jdarcy at redhat.com
Mon Sep 12 13:30:32 UTC 2016
I looked into this a bit over the weekend. Unfortunately, while libunwind *does* get function names for calls in shared libraries, it *doesn't* seem to handle calls through function pointers very well. Imagine that original_func in your main program finds shared_lib_func via dlsym and calls it via a function pointer, and that shared_lib_func then calls callback_func back in the main program. If we try to get a backtrace at this point, glibc will give us this:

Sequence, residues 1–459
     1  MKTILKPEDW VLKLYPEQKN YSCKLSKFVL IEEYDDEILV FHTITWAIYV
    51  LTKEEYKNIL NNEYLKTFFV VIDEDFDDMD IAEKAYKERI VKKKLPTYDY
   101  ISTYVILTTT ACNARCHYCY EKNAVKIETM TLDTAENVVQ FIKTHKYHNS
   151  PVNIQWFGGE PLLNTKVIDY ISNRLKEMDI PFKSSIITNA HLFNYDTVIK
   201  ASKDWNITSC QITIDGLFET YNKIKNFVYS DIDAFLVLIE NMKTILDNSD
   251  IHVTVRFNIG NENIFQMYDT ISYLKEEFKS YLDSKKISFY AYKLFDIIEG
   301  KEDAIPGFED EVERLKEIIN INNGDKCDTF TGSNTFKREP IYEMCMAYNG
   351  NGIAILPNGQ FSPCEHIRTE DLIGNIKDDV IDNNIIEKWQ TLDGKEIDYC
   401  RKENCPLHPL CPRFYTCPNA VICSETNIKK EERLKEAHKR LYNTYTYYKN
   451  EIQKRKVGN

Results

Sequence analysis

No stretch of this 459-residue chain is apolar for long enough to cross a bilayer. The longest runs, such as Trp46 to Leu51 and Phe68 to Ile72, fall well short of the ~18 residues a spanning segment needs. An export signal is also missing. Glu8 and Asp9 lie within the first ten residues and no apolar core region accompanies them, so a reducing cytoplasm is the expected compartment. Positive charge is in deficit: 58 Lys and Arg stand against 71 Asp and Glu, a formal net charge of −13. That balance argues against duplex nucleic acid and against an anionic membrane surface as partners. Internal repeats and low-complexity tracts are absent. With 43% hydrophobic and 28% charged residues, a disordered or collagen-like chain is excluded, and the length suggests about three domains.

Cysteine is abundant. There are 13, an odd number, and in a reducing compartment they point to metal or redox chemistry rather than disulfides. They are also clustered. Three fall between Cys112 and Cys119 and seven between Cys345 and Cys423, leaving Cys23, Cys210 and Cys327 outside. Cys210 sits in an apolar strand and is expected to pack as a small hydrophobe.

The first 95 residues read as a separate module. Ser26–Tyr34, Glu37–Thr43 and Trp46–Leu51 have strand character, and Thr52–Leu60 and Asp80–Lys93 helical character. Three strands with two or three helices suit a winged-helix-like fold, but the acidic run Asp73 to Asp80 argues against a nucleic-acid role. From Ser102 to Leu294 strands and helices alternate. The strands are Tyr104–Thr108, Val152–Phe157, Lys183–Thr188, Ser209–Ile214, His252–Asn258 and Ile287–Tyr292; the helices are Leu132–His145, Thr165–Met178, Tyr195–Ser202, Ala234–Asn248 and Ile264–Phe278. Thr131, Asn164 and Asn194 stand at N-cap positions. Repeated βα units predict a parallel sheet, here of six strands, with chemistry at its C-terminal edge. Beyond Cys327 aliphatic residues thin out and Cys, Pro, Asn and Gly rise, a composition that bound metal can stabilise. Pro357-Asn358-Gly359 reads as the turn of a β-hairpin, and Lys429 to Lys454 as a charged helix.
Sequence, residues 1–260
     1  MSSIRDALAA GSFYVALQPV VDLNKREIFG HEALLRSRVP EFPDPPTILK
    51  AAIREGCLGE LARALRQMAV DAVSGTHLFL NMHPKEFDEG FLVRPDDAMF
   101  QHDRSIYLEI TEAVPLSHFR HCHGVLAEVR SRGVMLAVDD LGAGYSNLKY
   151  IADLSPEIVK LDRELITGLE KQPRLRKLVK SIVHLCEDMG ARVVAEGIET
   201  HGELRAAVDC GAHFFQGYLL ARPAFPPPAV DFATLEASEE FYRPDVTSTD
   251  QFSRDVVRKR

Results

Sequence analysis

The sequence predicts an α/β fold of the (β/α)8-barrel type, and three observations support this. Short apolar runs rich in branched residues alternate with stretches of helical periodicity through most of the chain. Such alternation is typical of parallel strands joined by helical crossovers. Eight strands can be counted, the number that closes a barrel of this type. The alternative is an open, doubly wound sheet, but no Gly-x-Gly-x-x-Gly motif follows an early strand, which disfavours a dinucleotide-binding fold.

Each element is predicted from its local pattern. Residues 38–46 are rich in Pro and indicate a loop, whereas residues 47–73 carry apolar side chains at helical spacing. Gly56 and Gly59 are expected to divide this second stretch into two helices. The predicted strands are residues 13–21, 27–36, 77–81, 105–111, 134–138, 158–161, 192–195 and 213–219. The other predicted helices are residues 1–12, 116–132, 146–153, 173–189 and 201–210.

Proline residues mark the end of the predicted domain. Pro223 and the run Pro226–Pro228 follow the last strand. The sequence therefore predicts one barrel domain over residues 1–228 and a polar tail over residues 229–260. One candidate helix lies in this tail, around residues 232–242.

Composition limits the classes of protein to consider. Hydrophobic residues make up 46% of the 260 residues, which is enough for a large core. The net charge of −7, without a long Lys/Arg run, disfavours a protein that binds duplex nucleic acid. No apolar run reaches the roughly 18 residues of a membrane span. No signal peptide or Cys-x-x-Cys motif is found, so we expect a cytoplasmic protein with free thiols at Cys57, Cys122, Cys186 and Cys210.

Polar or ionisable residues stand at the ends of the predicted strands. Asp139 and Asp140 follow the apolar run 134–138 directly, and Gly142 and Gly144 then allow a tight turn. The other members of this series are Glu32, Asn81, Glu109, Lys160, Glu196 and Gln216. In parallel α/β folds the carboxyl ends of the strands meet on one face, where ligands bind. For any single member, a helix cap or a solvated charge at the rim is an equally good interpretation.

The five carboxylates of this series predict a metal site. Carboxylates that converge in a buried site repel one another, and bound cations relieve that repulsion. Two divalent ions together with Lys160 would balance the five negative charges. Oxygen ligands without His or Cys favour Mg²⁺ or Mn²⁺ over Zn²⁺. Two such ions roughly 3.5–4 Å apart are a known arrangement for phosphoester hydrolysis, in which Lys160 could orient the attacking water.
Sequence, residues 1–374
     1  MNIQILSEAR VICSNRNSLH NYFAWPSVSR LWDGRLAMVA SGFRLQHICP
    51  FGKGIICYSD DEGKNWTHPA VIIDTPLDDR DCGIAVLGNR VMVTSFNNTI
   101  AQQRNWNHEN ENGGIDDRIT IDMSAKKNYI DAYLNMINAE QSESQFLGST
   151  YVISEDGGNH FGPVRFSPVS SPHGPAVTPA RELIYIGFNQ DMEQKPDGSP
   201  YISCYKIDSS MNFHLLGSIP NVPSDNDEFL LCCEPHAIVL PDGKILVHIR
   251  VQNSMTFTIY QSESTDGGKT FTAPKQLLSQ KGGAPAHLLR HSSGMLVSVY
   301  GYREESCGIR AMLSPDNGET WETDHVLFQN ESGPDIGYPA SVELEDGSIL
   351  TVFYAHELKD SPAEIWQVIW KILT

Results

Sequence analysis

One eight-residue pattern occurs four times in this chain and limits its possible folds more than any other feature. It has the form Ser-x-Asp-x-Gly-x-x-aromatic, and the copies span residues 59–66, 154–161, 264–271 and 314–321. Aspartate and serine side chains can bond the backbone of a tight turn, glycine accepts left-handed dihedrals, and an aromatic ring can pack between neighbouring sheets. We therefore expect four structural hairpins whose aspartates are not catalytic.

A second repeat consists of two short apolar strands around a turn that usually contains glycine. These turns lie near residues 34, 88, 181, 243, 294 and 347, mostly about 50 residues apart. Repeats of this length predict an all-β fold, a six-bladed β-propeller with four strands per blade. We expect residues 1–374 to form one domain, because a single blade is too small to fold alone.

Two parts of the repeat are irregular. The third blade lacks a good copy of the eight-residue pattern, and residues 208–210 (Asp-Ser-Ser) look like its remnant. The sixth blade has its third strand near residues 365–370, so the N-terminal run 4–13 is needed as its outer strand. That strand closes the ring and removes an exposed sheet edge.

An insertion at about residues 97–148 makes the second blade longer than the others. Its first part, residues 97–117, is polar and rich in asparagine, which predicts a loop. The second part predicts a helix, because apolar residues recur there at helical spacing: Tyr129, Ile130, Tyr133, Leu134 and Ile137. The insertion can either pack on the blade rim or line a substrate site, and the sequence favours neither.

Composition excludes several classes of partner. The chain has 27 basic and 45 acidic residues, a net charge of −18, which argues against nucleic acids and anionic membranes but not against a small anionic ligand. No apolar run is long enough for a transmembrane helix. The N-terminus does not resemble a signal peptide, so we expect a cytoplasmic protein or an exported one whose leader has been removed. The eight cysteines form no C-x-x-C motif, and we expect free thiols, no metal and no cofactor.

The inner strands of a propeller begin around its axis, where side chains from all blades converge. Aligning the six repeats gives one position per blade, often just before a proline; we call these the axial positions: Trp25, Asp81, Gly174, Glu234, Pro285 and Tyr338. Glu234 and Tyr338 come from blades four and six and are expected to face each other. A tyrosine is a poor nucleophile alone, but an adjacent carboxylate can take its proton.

??? (address) in shared_lib.so
Libunwind will give us this:
Notice that the last frame (original_func) is missing. Also, neither has file names or line numbers. I did find a method that will give us those, while also handling both shared libraries and function pointers well: invoke gdb to run against the current process, using "-batch" and "-ex" to run just the backtrace command. We can even get backtraces for all threads instead of just one. I looked a bit into using the relevant gdb functions as a library, but didn't get anywhere with that. While invoking a whole new process makes this a bit too heavyweight for most cases, for the case where we're about to exit anyway (which is where this all started for me) it might be pretty useful.
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